55 Suriname

This is
Greta Post Pindon (1935) 

Lives in 

Country of Origin

In the Netherlands since



Soap The Bold & The Beautiful

First impresison of Amsterdam 
She saw snow for the first time 

Suriname in Amsterdam
The church, de Pinkstergemeente in West. I have contact there with Surinamese people. Every Sunday I go to the service and every Wednesday I go to a clup for fifty-five-plus people

“I came to Amsterdam in 1980. My daughter lived here and was getting married She asked me to come to the wedding, and then asked me if I would like to stay. I said, “We can try it”. I didn’t have much in Suriname, except for my two children. I had divorced my husband and my eldest son died when he was only 10 years old. Other members of my family, including my sister, already lived in the Netherlands. I met my second husband in Amsterdam, when I was shopping in one of the supermarkets. We started chatting, and gradually got to know each other.

My husband has since died of a heart attack. One morning he went to work as usual but wasn’t feeling so good so his boss sent him home. Halfway home, he got off the bus and sat on a bench. A passer by saw him there and took him to the hospital. At 5pm I was expecting him to be home. He was never late. Then the hospital called, and asked me if I could come right away. They didn’t say why. I called a friend and she took me there in her car. When I arrived at the hospital he had already died. Since then, I have remained single.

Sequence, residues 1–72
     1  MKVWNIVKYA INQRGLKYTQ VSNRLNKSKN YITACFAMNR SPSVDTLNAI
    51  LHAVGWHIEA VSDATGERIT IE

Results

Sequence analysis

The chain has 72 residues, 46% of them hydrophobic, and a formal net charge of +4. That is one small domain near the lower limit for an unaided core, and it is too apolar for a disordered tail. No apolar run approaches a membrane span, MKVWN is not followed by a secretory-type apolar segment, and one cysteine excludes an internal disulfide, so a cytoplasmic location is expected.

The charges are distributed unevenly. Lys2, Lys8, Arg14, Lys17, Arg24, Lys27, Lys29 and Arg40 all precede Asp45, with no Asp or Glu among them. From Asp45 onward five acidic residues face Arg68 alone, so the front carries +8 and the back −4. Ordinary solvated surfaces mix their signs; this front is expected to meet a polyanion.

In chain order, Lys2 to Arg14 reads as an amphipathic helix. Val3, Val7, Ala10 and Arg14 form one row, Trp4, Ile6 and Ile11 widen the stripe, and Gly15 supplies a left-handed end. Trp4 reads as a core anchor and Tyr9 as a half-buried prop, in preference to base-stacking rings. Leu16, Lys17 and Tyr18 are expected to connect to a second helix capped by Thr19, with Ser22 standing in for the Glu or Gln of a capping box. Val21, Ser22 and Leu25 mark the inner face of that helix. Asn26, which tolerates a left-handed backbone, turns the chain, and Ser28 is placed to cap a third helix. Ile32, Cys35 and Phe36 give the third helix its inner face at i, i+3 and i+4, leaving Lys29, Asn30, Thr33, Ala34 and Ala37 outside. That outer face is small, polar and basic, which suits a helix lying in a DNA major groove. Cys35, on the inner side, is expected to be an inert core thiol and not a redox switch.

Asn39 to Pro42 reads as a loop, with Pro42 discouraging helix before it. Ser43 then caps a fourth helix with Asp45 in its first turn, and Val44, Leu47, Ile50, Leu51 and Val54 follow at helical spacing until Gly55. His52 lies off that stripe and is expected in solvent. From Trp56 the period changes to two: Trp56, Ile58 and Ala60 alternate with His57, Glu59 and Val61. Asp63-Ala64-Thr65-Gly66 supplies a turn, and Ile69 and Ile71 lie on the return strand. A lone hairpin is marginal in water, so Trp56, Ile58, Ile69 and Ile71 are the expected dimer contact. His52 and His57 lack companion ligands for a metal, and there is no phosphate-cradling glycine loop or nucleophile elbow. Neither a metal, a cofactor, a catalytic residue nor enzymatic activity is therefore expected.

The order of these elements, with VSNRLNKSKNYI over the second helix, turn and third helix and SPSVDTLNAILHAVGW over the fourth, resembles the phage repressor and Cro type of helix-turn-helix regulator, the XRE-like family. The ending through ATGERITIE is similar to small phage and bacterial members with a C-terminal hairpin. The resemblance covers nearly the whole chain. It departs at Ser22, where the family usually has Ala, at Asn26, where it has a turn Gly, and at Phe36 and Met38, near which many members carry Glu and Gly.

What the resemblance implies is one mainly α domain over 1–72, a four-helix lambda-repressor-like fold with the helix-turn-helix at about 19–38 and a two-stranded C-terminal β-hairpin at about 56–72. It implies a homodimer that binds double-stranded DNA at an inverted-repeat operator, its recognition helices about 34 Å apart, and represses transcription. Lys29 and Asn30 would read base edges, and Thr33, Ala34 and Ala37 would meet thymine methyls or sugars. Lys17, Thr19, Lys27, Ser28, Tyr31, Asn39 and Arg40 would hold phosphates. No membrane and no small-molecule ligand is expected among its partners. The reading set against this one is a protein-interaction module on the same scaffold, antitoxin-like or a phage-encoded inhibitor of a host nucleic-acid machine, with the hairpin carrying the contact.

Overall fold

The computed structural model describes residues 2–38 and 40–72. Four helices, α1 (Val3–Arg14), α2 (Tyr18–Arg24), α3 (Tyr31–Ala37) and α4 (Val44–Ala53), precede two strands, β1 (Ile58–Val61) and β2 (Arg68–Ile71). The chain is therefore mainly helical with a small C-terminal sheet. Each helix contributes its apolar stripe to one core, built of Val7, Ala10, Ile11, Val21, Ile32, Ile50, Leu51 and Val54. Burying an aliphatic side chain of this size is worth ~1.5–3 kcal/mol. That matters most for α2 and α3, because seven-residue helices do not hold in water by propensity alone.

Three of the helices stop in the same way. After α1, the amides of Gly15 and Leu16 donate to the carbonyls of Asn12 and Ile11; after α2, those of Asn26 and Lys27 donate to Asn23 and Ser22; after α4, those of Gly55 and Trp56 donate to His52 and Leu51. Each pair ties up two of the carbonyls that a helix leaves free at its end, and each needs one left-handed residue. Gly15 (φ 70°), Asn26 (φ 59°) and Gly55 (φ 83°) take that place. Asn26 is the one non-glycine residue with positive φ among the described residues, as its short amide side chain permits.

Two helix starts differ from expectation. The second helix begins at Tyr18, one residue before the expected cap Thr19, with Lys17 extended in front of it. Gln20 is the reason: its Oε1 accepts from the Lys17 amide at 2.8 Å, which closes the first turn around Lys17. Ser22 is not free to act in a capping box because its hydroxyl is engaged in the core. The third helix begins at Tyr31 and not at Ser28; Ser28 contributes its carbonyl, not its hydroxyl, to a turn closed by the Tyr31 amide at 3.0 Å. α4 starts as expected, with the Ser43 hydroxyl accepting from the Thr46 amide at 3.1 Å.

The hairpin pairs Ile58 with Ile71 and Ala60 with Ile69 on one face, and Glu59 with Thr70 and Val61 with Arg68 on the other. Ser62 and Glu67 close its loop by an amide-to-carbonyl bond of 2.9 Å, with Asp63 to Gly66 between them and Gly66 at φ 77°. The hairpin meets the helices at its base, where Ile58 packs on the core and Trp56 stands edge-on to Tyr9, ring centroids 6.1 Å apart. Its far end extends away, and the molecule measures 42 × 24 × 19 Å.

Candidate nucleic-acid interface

I love Amsterdam and would never want to live anywhere else. Honestly! I am a little afraid of the rise in crime. It scares me. I don’t watch the Most Wanted messages anymore on the TV. I’ve lived in the same apartment complex for thirty years now, and love it, although the neighbours aren’t as friendly as they used to be. They might have a quick chat when they see you, but no-one looks out for each other anymore. If someone’s not been seen for a few days, nobody notices.

The Netherlands does not care for the elderly very well. Many of the older generation here, who went through the world war, are shut up in care homes. They should be able to stay in their own homes, but who would look after them? I live alone. Once a week someone comes to help with the cleaning; but I do my own shopping, washing and ironing. As long as I can live on my own, I will. Once I can’t, I’ll move to a retirement home. I don’t want my children to take on the responsibility of taking care of their elderly mother.”

5236 people in Amsterdam have the Surinamese nationality


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